Modern Agriculture Degraded 40% of Land Globally
A report published on Wednesday by the United Nations Convention to Combat Desertification (UNCCD) found that humans have altered 70% of land on Earth, primarily through agriculture. Researchers say that close to 40% of the land has been degraded, putting the planet on a "crisis footing,” affecting around 3.2 billion people worldwide. At the current pace, humans risk degrading another chunk of land the size of South America by 2050, causing an increase in greenhouse gas emissions by 17% and speeding up global warming.
TRT World Now: UN report: 40% of all land on Earth damaged by human activities, April 28, 2022.
UNCCD: Global Land Outlook 2 high-level virtual launch, April 27, 2022.
Why This Matters
Scientists estimate that around half of the global economic output relies on natural resources found on the Earth, and without viable land, societies and economies will collapse. If governments don’t prioritize landscape restoration, the world’s food supply could be left extremely vulnerable.
"Our health, our economy, our well-being depends on land,” stated Ibrahim Thiaw, executive secretary of the UNCCD. "Humanity has already altered 70 percent of the land. This is a major, major figure.”
With drought and extreme heat at all-time highs, farms are failing, crops are dying, and people are starting to feel the effects of food shortages. Anything from war to climate change disasters could destroy the precarious food systems in place and leave entire countries in dire situations. A transition away from modern farming practices and immediate investments in sustainable food systems may prevent the oncoming food crisis and restore much of the world’s degraded land.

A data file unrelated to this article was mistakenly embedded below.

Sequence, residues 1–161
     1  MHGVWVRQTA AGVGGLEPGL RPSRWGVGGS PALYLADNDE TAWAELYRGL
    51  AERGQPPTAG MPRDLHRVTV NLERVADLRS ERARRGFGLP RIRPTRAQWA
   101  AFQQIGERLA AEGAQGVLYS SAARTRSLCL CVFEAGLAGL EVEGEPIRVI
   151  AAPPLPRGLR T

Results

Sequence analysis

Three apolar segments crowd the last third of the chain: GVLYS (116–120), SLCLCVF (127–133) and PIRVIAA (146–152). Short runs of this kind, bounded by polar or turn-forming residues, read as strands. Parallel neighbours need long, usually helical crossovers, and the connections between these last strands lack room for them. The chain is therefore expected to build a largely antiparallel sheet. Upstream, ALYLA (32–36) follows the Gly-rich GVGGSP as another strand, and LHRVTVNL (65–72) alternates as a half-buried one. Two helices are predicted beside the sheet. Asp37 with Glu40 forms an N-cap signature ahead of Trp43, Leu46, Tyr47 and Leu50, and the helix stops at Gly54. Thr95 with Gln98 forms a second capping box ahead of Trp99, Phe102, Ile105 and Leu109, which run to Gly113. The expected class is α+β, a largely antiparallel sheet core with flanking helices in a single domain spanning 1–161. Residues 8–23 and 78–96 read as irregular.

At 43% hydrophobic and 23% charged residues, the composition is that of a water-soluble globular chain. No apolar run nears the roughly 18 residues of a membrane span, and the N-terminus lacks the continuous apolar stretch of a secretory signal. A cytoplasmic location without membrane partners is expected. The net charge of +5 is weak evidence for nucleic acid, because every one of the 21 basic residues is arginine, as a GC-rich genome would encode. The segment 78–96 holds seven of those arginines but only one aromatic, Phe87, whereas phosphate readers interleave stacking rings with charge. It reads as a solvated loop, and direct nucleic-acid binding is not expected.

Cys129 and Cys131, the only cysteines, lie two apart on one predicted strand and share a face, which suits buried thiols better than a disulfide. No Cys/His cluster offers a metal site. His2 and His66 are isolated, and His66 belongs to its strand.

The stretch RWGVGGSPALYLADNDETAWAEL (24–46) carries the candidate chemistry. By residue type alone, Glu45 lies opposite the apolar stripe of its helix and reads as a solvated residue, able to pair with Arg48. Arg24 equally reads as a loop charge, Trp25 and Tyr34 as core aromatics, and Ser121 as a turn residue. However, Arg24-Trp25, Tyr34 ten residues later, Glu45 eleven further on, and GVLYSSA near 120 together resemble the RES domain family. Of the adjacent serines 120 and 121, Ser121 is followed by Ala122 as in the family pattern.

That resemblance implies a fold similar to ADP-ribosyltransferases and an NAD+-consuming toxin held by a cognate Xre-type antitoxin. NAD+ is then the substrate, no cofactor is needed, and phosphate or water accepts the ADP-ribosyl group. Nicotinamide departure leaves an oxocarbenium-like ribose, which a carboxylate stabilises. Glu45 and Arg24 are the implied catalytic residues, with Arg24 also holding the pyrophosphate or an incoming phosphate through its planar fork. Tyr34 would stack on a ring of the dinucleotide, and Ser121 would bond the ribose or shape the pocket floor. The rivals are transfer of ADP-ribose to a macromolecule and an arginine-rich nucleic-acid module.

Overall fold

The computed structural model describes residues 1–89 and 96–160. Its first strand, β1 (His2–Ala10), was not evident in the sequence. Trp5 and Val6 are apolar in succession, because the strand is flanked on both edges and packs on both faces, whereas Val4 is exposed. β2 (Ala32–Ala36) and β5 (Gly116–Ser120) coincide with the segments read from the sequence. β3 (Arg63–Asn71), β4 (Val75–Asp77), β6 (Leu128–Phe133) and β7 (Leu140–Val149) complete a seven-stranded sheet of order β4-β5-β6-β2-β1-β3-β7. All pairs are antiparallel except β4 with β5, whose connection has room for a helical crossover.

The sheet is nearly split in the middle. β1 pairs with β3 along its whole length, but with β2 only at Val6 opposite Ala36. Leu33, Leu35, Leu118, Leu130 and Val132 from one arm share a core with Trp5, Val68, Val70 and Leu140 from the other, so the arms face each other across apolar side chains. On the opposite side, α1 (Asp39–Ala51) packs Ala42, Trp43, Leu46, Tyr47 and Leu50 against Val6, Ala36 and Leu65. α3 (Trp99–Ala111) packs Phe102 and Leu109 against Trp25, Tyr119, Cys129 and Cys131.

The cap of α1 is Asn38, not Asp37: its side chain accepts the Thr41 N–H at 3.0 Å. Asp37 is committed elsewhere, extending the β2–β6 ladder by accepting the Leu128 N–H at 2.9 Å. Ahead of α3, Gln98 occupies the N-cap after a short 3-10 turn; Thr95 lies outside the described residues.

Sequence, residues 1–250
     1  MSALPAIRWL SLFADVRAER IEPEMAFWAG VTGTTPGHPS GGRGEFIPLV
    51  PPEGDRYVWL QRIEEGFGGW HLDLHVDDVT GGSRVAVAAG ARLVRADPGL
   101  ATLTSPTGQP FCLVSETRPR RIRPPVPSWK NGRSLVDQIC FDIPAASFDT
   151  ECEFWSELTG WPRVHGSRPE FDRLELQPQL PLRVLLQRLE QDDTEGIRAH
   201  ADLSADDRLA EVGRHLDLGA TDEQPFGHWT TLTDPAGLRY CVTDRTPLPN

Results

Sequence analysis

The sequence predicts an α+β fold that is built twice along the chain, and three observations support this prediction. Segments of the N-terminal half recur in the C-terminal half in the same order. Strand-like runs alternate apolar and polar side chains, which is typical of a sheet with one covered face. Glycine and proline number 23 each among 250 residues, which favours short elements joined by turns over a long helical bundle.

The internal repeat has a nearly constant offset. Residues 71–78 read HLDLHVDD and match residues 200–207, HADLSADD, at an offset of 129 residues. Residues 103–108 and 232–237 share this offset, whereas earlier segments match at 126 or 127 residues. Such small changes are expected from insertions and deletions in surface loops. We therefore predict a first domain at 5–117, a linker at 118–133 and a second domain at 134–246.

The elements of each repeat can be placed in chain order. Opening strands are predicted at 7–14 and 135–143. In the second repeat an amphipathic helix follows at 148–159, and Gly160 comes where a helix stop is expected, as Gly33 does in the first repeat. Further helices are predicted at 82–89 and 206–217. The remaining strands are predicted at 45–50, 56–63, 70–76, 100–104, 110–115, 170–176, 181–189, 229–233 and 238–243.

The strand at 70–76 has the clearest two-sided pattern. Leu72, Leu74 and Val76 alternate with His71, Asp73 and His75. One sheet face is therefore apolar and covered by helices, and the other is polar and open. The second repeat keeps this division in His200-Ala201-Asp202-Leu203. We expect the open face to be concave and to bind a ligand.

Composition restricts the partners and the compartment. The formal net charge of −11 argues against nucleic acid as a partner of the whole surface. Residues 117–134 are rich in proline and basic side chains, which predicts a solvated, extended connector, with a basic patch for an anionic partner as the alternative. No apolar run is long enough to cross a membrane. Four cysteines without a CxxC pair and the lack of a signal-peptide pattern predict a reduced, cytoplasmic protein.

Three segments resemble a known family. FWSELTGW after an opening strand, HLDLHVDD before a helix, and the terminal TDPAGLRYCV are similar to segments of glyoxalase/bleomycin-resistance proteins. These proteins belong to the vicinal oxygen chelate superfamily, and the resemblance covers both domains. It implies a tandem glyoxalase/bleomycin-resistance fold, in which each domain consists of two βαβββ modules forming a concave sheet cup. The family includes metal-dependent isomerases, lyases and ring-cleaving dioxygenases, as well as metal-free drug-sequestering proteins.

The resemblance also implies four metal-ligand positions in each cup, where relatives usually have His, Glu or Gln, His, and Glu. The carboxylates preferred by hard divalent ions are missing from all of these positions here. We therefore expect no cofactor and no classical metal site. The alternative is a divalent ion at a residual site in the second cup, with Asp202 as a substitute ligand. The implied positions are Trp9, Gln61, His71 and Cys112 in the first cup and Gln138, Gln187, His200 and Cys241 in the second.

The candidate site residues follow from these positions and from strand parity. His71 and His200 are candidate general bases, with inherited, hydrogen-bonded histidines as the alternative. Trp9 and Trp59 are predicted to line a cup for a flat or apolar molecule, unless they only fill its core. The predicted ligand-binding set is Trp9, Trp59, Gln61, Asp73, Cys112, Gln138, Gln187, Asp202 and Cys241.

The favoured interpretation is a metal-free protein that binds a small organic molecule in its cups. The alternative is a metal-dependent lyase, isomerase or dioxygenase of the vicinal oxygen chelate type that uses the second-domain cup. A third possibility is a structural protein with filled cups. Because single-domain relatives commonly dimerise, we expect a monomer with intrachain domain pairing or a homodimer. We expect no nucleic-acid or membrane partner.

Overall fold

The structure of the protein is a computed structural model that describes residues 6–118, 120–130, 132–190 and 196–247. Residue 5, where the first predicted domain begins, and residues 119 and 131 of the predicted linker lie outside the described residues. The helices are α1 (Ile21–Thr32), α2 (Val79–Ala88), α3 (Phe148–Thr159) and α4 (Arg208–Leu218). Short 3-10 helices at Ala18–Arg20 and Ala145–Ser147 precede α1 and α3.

CNBC: Will The US Face A Food Shortage?, April 20, 2022.
DW: "War in Ukraine means hunger in Africa" | The conflict's impact on global food security, March 19, 2022.
National Geographic: Global Water Wars (Full Episode) | Parched, July 29, 2021.
Investing in Sustainable Agriculture
In the UNCCD report, scientists estimate that five billion hectares of land could be restored by 2050 if sustainable systems were implemented. They estimate an annual cost of $300 billion. However, that figure is much lower than the subsidies provided to mega-farms in places like the US.
Researchers agree that "significant restoration” could be made by avoiding heavy tillage, integrating trees with crops and livestock, and rehabilitating grasslands and forests. They also highlight how individual consumers could help spark change by removing resource-intensive livestock from their diets, such as beef, which produces 14.5% of global greenhouse gas emissions.
According to the report, transforming the food system could make "a significant contribution to the success of the global land, biodiversity, and climate agendas” while encouraging productivity and carbon storage in regenerative landscapes worldwide.
Tom's Outdoors: Changing Paradigms | Regenerative Agriculture: a Solution to our Global Crisis? | Full Documentary, May 10, 2021.
Cornell University: Climate change reduced farming productivity by 21% since 1961, April 1, 2021.
Sentient Media: Food System Emissions - How Can We Reduce Our Carbon Footprint?, June 18, 2021.